Tips for Photographing Birds
Perhaps you've noticed something about photographing wildlife: It's really hard. The main problem, of course, is that animals will, almost without exception, fail to pose on cue. In fact, they refuse to take any direction from you at all. And if you thought it was hard to take a photo of a cat or a dog or a moose, just try to photograph birds. In the past, I've given some advice for shooting wildlife and pets, but this week let's zero in on tips for capturing our feathered buddies.
There are two common situations you'll encounter with your camera—sitting and waiting for a bird to land somewhere, and then shooting it while it's earthbound, or trying to catch a bird in flight as it zooms by overhead. Both are fun and can yield some rewarding photos, but it's a lot harder to snap a great photo of a bird in flight, because you need to pan the camera so you track the bird's motion in the viewfinder.
I suggest that you start by shooting birds when they come to our home turf—when they settle down in trees, on posts, or on some other stationary spot. You'll have to act fast, though, because they probably won't stay long. Here are four things to keep in mind:
Shoot with the fastest shutter speed possible. Let's face it: Birds are fast little buggers. Shooting with the fastest shutter speed is going to help your cause by freezing the action when they dart around unexpectedly. To do this, I suggest switching to shutter priority or aperture priority mode and dialing in the fastest shutter speed you can get. If it's any slower than 1/1000 second, you might want to increase the camera's ISO setting until you can coax the shutter speed into an acceptable range.
Help your lens focus. When a bird lands in your field of vision, you might only have a couple of seconds before they dart off again. One way to save some time is to pre-focus the lens. If you're very far away from the subject, you can probably set the lens to Infinity. Test this by focusing on the landing zone that you're observing. If the perch in question looks sharp with the lens set to Infinity, go ahead and switch your camera to manual focus mode and set the lens to infinity. When the bird eventually lands, your camera won't waste any time trying to focus. If the perch is far, but not all the way at Infinity, check to see if your lens has a Near/Far selector that limits the focusing range. If it does, set it to the "far" position so when the camera does focus, it'll happen faster. Or, if you're waiting for the bird to land on a very specific spot, such as a post on a pier, you can set the focus mode to manual and pre-focus for that exact location.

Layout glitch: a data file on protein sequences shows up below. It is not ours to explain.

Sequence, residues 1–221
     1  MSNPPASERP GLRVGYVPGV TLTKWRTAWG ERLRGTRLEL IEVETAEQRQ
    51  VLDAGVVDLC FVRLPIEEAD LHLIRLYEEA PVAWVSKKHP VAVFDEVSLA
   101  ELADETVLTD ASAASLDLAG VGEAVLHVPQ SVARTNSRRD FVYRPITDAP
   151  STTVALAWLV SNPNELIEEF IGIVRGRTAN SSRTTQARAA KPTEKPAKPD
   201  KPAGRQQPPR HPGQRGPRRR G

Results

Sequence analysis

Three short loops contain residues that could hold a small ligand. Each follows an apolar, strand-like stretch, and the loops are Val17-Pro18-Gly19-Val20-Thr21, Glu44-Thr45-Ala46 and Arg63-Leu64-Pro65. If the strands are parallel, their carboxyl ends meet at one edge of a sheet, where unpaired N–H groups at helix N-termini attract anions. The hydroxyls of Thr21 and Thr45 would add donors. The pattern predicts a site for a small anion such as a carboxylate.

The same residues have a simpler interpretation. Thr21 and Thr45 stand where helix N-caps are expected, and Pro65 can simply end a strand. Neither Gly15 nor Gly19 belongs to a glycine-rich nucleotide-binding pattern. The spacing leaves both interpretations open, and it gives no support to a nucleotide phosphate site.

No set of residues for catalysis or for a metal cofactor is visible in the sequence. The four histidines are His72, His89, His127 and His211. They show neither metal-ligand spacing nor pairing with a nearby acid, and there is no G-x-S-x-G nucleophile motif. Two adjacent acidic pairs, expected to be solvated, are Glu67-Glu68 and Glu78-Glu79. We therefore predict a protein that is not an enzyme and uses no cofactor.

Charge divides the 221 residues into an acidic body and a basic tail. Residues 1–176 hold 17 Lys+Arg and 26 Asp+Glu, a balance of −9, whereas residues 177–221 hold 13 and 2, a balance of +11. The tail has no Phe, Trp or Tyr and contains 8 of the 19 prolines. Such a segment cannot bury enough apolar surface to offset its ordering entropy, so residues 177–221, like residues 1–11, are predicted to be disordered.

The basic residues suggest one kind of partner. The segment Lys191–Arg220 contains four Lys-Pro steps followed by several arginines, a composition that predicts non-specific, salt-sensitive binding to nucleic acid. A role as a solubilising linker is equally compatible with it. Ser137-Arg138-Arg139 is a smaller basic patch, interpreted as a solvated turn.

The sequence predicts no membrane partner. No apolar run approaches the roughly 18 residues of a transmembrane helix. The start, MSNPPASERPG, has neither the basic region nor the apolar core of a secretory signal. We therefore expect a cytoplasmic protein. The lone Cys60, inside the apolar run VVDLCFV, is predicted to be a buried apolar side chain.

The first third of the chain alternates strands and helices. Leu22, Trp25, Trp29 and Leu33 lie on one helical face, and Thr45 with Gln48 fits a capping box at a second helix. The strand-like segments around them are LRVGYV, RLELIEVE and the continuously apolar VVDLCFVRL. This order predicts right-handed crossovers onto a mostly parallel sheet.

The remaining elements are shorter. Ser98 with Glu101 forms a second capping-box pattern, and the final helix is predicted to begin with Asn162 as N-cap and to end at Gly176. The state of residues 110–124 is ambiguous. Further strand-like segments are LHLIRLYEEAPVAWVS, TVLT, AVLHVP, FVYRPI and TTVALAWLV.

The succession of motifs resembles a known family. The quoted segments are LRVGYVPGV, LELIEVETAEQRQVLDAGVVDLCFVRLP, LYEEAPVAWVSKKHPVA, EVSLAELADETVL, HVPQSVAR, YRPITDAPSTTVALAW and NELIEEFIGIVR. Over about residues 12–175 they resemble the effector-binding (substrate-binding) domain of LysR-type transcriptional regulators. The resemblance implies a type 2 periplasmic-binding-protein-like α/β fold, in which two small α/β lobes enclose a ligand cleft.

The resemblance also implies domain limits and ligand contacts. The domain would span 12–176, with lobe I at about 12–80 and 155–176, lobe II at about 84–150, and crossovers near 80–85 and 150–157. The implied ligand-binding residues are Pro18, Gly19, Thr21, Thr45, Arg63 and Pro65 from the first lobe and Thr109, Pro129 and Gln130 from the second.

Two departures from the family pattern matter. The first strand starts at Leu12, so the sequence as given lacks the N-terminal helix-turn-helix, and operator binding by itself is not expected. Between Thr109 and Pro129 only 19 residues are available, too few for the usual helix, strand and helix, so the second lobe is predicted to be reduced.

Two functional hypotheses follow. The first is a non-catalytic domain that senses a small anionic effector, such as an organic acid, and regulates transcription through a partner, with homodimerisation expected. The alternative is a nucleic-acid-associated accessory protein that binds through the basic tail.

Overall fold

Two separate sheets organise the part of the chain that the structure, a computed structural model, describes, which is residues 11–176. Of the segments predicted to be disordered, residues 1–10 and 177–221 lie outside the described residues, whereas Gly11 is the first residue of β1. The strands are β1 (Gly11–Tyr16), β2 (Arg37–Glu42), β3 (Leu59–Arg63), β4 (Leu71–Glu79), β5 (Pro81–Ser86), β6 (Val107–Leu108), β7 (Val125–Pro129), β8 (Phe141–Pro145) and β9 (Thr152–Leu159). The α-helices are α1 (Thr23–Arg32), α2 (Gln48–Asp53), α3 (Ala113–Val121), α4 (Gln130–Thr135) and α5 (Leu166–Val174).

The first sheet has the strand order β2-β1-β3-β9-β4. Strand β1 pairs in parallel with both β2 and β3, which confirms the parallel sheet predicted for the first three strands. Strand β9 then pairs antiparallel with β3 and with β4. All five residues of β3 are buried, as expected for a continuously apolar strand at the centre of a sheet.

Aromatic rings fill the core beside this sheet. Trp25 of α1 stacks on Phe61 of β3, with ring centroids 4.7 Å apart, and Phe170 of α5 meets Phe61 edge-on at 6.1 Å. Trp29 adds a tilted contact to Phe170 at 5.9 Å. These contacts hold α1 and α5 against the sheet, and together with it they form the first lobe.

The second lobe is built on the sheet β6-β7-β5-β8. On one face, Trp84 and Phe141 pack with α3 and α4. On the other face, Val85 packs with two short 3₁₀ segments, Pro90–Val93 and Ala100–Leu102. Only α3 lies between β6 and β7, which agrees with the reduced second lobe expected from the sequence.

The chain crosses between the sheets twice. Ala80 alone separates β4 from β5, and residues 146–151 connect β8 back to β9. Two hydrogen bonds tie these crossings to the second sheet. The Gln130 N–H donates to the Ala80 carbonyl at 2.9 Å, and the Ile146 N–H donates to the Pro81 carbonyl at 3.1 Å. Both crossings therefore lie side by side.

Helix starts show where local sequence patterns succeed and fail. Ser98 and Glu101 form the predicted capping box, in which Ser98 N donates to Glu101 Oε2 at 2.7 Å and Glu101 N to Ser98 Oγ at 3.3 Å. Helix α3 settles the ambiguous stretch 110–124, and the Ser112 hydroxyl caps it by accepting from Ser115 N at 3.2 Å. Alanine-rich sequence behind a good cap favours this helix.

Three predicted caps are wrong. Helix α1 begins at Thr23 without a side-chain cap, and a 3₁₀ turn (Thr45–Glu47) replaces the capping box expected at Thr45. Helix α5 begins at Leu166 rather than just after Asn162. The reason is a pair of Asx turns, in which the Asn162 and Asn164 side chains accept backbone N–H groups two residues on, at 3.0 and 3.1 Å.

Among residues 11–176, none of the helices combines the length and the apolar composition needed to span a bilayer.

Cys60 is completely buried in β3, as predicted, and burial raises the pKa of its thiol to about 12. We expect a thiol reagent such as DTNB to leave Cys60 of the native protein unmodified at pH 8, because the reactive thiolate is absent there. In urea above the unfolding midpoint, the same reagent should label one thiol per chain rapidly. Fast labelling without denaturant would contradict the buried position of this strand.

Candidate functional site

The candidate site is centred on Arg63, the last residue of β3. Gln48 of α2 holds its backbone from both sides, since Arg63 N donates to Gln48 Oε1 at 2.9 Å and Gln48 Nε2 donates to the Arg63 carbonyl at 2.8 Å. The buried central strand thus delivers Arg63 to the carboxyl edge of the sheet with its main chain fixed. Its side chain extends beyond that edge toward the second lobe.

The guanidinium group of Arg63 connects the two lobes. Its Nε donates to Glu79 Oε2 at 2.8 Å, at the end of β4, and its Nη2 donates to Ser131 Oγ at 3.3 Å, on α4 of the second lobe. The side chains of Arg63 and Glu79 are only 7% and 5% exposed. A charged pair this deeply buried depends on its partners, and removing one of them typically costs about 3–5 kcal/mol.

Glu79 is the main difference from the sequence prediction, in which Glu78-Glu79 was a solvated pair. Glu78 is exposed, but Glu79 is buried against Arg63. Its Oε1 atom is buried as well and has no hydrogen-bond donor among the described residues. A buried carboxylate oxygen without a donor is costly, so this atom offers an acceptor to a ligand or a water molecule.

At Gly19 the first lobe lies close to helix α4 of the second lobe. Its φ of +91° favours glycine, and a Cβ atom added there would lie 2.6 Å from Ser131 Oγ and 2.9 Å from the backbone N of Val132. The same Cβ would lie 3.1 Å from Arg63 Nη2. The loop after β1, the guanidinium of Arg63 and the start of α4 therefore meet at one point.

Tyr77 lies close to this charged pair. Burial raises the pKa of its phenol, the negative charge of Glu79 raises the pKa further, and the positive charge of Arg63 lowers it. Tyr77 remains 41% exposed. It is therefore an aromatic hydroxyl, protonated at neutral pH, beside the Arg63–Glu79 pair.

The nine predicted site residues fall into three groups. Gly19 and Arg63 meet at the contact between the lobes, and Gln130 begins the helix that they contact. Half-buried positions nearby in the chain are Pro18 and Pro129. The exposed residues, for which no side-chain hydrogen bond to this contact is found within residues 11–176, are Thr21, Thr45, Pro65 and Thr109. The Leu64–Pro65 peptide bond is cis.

Shoot in uniform sunlight. I'm not a big fan of midday photos: Direct, overhead sunlight causes lots of harsh light and shadows. That said, I'd avoid contrasty lighting situations, such as when a bird is roosting in the shade, with bright beams of light cutting through the frame. You'll probably end up with ugly shadows on your bird or the surroundings.
Stay still and steady. Of course, I highly recommend using a tripod (that shouldn't be much of a surprise). Indeed, photographing birds is just the sort of thing for which tripods were invented. I suggest that you keep the tripod's head slightly loose, so you can swivel it around as needed to frame the bird when it lands.
If you're bored with earthbound bird photos and want to catch them in the air, you're going to have to develop a slightly different set of skills:
Pan for action. You'll need to pan the camera such that you smoothly track the bird in your viewfinder, and then gently squeeze the shutter without jerking the camera or losing track of the bird's motion. I've explained panning for action before; think of it like the follow-through you'd perform when swinging a bat or a golf club.
Keep it fast. Just like the earthbound photos, be sure to shoot with the fastest shutter speed you can reasonably achieve.
Keep the sun behind you. It's critically important to keep the sun behind you when you track and shoot birds in the air. If the sun is in front of you, you risk swinging the lens in line with the sun, which can hurt your eyes, of course. But even if you avoid that, you'll end up with a silhouetted or poorly exposed bird.
Hot Pic of the Week
This week's Hot Pic: "The Long and Short of It" by Mark Nixon, Rotherham, UK.
Mark writes: "This is a photo of Wentworth House in Rotherham which, at 185 meters, has the longest facade of any house in Europe. I shot it from Hoober Stand, another local monument a mile away. I used my Nikon D300S and then selectively blurred it to achieve a miniaturization effect."
This week's runner-up: "Sea Party" by Aurel Emelciuc, Quebec City.
Aurel says that he captured these jellyfish with a Sony SLT-55.